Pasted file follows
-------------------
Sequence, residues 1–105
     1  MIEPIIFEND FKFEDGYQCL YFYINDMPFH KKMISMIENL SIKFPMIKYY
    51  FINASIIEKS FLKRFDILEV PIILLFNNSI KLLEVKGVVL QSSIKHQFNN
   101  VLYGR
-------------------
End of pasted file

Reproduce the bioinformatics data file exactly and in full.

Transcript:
Sequence, residues 1–105
     1  MIEPIIFEND FKFEDGYQCL YFYINDMPFH KKMISMIENL SIKFPMIKYY
    51  FINASIIEKS FLKRFDILEV PIILLFNNSI KLLEVKGVVL QSSIKHQFNN
   101  VLYGR